There are several different race types you can do. Sanctioned races, "Crew" races, street challenges, and finally simply flashing the headlights at a passing car (or at least the ones that are raceable). You can actually get to any of the latter by either driving around the city to the location they are held at, or simply picking the location on the map and pressing a button.

Sanctioned races are legal, and held outside the city proper. The first one you are likely to enter is on an old army or air force base. The graphics are strange on this one - there's neon everyone. The result is something out of Blade Runner, or if you remember it, the old PC racer "Megarace". I suspect many who try this game are turned off by these graphics - they are funny looking. The second sanctioned race series is held in some storm drains. They pretty much look like stormdrains.

"Crew" races are probably the most important in the game. These are the illegal street races held during the city. You race against 3 other cars, and have to ante up a certain amount of money to enter - this money becomes the "pot", which the winner of the race gets. You can also make side bets with one of the other opponents, as to who will finish first, you or him.

Crew races are a combination of point to point races and circuit races (ie, where you have laps. Sometimes 2, sometimes 3).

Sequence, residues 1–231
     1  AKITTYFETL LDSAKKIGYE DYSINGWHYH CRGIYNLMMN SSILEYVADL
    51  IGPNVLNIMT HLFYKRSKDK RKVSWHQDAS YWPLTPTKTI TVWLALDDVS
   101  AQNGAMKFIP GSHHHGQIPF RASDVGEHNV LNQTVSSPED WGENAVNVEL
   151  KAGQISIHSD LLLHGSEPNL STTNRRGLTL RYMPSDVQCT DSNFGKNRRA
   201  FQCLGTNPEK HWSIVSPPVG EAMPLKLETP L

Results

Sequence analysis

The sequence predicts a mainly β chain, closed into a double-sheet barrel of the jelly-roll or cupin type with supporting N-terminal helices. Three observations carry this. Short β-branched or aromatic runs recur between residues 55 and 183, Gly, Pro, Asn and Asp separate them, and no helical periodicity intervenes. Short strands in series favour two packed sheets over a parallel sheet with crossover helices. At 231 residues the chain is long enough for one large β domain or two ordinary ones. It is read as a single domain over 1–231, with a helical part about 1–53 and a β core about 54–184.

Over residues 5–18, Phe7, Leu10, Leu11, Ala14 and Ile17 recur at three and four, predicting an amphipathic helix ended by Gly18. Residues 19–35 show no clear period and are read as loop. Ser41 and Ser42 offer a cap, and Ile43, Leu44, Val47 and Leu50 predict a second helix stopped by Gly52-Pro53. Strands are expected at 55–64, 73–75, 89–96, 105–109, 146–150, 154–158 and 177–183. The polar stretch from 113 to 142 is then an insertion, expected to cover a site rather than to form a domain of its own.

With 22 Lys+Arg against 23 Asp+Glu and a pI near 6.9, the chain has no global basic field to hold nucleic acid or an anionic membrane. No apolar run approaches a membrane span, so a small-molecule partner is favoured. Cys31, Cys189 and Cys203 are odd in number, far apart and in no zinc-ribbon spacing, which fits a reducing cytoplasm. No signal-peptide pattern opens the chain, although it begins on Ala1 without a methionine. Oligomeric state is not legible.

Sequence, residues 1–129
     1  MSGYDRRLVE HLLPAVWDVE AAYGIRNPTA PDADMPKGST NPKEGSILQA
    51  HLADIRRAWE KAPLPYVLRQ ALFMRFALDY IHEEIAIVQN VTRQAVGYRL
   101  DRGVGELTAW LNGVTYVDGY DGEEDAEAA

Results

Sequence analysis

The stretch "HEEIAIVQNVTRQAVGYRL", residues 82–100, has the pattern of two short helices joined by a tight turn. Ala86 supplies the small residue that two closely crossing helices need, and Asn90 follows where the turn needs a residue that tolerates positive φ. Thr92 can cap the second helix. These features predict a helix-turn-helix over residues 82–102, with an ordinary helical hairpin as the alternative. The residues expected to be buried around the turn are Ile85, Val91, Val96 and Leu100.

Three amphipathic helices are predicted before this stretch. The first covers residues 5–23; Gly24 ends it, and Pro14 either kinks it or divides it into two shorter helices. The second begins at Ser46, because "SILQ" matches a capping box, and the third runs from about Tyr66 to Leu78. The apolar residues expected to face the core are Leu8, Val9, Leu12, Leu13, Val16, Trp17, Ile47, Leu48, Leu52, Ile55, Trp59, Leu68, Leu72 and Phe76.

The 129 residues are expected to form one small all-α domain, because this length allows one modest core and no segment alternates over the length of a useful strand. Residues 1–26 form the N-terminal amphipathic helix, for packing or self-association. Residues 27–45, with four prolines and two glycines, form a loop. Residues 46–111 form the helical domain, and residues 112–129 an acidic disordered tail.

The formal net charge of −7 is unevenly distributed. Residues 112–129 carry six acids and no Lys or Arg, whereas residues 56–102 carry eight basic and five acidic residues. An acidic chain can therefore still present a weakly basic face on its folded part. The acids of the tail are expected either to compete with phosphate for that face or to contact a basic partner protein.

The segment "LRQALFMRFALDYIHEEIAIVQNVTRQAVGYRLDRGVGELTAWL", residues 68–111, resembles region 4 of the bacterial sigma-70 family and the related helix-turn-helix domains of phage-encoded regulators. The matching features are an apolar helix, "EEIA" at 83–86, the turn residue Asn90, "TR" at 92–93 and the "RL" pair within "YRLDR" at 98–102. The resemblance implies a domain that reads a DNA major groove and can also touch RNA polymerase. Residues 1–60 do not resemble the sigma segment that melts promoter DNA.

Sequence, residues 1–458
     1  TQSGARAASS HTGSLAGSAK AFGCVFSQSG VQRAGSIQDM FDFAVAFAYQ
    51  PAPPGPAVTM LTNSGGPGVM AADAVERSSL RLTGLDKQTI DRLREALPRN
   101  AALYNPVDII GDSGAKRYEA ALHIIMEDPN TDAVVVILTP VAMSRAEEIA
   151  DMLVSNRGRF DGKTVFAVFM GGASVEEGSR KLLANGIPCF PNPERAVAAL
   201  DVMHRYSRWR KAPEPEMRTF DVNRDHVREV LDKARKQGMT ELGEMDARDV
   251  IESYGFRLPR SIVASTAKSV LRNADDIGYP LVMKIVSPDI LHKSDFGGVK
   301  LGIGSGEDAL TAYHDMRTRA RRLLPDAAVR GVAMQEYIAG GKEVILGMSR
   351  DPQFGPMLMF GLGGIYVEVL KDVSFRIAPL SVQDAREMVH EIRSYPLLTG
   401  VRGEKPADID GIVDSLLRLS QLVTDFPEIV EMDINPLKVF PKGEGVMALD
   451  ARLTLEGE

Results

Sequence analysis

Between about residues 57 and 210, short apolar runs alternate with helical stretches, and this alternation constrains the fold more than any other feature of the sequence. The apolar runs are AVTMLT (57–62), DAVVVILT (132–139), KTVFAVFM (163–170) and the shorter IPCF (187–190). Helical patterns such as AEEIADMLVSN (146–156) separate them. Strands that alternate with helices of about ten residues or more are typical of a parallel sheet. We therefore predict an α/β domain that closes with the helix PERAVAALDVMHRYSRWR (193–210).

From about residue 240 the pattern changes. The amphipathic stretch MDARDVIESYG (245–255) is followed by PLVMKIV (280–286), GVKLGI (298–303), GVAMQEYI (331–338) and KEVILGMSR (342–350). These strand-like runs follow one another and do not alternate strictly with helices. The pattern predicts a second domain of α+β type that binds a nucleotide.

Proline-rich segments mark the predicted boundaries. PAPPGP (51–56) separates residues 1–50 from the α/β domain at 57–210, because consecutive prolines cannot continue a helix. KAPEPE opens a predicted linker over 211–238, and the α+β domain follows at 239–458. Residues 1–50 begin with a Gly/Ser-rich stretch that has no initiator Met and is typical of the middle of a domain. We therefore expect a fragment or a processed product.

If you have a "girlfriend" (the in the game kind) with you at one of these crew races, she will start the race. Each woman has a different opening sequence, which is kind of a neat, if useless, detail to the game.

In order to pick up these women, you have to earn their respect, by completing a 'respect' challenge. Which is basically a driving test. There's a variety of these, some you have to follow a car without hitting it or letting it get away too far, some you have to drive through checkpoints, some you have to earn a certain amount of respect in a small amount of time (for these you really need the Trueno).

If you do win a series at a crew race, besides the money, it will unlock another video of the real life analog of the woman. In many cases, the virtual version doesn't look like the real version. The videos aren't especially racy, not coming even close to Sports Illustrated swimsuit standards. And most of them can't dance very well, either.

You should be able to blow through the first few crew races and the first sanctioned match with your first car. It should be very easy in fact. But after that, the opponents get better cars, and you'll probably be evenly (or outmatched).